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Stolen Apple account credentials can be acquired from 'dark web' markets for just $15

Account credentials for Apple's online services are being sold by online scammers for an average of $15.39, a report into stolen account sales on the 'dark web' reveals, but despite the seemingly low cost, Apple-based accounts appear to be priced more than individual user accounts for a considerable number of other online destinations.




A person's entire online identity can be worth less than $1,200 to online criminals, according to research by VPN comparison site Top10VPN into the secretive online markets. The firm's Dark Web Market Price Index for February 2018 shows there to be a wide difference in price for account credentials, ranging from the hundreds of dollars for finance-related services down to sub-dollar accounts.

Apple's $15.39 price on the list indicates it to be one of the more valuable offerings outside of the expected high-ticket listings. It is likely the use of the same account across Apple's various digital storefronts, as well as access to the Apple Music streaming service and the potential personal data archive on iCloud, makes it a potentially more attractive account type to acquire than others with fewer uses.

The list puts Apple against other "Entertainment Logins," which typically provide access to online content services. Compared to the $15 of Apple, Netflix is its nearest competitor in the category at $8.32, followed by Twitch at $2.08 and Ticketmaster at $2.07.




For social media accounts, Facebook is seen to be the most valuable at $5.20 per account, with LinkedIn, Twitter, and Instagram following at $2.07, $1.66, and $1.28 respectively.

Credentials for email accounts, usually treated as a main attack vector for other online services due to the high amount of personal information available to attackers, are worth even less. The popular Gmail and Yahoo accounts typically sell for just $1.04 each, while oddly AOL is the most expensive account in the category to acquire at $4.16.

Notably, Apple accounts also sell for more than credentials for accounts managed by major telecommunications firms in the U.S. The top end of the category lists Verizon at $15, followed by AT&T for $14.64, T-Mobile accounts at $10.51, and Rogers at $10.39, while Xfinity accounts fetch just $1.77 each.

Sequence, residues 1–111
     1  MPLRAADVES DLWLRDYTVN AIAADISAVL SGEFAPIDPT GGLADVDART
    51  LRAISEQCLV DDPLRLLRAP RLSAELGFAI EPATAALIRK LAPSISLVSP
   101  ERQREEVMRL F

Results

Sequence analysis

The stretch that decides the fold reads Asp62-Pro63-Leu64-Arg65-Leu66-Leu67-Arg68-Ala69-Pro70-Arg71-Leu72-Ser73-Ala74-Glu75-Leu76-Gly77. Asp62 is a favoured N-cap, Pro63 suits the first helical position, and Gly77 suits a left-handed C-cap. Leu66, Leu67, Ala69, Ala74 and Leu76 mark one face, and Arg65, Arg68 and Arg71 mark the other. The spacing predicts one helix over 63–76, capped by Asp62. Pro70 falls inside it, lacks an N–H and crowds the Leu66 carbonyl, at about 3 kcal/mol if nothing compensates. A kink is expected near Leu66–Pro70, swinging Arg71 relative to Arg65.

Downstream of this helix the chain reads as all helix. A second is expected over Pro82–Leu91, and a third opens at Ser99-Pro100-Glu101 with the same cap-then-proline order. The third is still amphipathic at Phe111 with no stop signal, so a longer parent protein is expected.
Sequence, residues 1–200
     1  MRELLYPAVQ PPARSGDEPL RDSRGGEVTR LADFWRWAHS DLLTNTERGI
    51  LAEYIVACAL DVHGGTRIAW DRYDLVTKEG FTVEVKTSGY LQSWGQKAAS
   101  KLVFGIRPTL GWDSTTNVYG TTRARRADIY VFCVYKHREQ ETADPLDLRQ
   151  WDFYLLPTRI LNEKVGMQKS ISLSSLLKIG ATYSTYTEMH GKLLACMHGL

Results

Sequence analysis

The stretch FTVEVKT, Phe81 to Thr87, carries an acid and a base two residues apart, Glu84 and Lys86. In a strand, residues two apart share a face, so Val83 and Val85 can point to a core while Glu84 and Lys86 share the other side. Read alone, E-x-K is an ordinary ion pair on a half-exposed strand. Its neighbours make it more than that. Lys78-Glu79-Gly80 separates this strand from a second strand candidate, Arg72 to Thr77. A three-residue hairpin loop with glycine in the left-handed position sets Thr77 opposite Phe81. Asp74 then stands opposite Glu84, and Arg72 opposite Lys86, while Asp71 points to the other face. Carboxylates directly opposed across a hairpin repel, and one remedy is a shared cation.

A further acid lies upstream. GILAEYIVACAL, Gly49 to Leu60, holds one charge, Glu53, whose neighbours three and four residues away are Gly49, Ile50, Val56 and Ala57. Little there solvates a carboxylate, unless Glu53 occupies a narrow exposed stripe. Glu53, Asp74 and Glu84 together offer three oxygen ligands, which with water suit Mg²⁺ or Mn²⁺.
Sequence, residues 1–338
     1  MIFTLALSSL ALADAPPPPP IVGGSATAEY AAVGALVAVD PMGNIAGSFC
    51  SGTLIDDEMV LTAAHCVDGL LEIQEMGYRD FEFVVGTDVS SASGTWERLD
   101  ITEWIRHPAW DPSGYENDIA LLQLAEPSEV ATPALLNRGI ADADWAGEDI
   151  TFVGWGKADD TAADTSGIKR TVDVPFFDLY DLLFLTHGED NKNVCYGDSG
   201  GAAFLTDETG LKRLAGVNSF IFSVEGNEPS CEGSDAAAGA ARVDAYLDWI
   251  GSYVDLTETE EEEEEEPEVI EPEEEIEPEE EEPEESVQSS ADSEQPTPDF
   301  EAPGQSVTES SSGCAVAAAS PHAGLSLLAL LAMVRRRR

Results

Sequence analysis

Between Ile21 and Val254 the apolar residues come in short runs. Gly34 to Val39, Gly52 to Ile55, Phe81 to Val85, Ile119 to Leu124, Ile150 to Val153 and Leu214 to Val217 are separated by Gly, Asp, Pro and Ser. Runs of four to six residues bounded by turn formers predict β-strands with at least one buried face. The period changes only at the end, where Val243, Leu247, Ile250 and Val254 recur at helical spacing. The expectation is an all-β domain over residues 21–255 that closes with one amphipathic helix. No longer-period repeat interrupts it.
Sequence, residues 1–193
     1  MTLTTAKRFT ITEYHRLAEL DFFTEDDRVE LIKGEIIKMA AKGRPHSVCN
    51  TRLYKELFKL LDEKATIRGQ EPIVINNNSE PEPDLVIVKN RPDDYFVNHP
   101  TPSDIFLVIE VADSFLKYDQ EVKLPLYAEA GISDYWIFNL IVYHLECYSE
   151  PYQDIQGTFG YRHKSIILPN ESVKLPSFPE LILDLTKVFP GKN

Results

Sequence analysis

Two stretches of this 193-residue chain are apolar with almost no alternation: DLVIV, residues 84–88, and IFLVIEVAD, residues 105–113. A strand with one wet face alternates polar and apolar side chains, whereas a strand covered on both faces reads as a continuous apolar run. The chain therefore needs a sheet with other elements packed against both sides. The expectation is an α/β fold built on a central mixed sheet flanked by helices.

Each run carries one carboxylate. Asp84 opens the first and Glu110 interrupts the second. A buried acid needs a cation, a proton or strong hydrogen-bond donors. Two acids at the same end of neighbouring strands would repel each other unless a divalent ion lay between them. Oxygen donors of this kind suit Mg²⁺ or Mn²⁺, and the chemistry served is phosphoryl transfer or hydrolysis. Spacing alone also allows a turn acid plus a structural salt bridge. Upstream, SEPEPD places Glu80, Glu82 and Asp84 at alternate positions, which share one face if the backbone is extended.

None of the online shopping logins beat Apple either, though Macys is closest at $15.34 per account, with eBay and Amazon lagging behind at $12.48 and $9 respectively.

At the top end of the scale are financial services, topped by working PayPal logins selling for $247 per account and Western Union logins for $101. Online banking, debit card, and credit card details fetch $160.15, $67.50, and $50 in turn.




Proof of a person's identity, such as scans of utility bills or other forms providing sensitive details that could be used for scams, are traded for an average of $29.59, while passport scans are more expensive at $62.61 each.

The report was compiled by analyzing thousands of listings for stolen identification, hacked accounts, and personal information relevant to U.S. users that surfaced on three of the most popular dark web marketplaces. Relevant listings were categorized and combined to create average sale prices.

The price of each type varies depending on a number of factors, including funds available in accounts, the ease of accessing information that can be used in potentially more lucrative ways, and the ability to hijack the account for scams and other uses. Bundles containing large swathes of sensitive details about individuals are also popular on these markets.

While Apple has taken steps to protect the privacy of its users, such as the inclusion of intelligent tracking prevention and differential privacy technology in Safari to prevent user data from being abused by nefarious websites, but users also have to take their own measures to safeguard their accounts. Apple provides the option to add two-factor authentication to accounts, which requires a secondary check to be made before an account can be accessed from a new device.